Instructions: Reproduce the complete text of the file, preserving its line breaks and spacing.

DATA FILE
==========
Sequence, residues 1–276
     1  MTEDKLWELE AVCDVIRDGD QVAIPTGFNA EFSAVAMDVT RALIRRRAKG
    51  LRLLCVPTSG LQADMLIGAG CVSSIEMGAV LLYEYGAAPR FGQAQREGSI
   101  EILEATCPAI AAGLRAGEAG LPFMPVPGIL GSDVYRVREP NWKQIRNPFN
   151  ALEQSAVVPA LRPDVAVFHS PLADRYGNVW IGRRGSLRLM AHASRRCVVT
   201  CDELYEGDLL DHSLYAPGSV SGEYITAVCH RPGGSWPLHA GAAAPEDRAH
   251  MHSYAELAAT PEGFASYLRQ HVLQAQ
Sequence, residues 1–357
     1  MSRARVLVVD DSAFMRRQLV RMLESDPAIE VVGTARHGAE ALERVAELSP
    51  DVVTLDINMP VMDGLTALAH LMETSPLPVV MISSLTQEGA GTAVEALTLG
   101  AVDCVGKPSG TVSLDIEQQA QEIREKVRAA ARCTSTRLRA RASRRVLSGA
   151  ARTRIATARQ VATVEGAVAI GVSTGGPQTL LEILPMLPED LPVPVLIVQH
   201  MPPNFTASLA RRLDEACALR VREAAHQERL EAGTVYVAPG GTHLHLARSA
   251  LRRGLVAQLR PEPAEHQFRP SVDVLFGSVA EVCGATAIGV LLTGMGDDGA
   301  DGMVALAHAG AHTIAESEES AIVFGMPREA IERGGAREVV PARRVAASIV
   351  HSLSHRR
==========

Sequence, residues 1–276
     1  MTEDKLWELE AVCDVIRDGD QVAIPTGFNA EFSAVAMDVT RALIRRRAKG
    51  LRLLCVPTSG LQADMLIGAG CVSSIEMGAV LLYEYGAAPR FGQAQREGSI
   101  EILEATCPAI AAGLRAGEAG LPFMPVPGIL GSDVYRVREP NWKQIRNPFN
   151  ALEQSAVVPA LRPDVAVFHS PLADRYGNVW IGRRGSLRLM AHASRRCVVT
   201  CDELYEGDLL DHSLYAPGSV SGEYITAVCH RPGGSWPLHA GAAAPEDRAH
   251  MHSYAELAAT PEGFASYLRQ HVLQAQ
Sequence, residues 1–357
     1  MSRARVLVVD DSAFMRRQLV RMLESDPAIE VVGTARHGAE ALERVAELSP
    51  DVVTLDINMP VMDGLTALAH LMETSPLPVV MISSLTQEGA GTAVEALTLG
   101  AVDCVGKPSG TVSLDIEQQA QEIREKVRAA ARCTSTRLRA RASRRVLSGA
   151  ARTRIATARQ VATVEGAVAI GVSTGGPQTL LEILPMLPED LPVPVLIVQH
   201  MPPNFTASLA RRLDEACALR VREAAHQERL EAGTVYVAPG GTHLHLARSA
   251  LRRGLVAQLR PEPAEHQFRP SVDVLFGSVA EVCGATAIGV LLTGMGDDGA
   301  DGMVALAHAG AHTIAESEES AIVFGMPREA IERGGAREVV PARRVAASIV
   351  HSLSHRR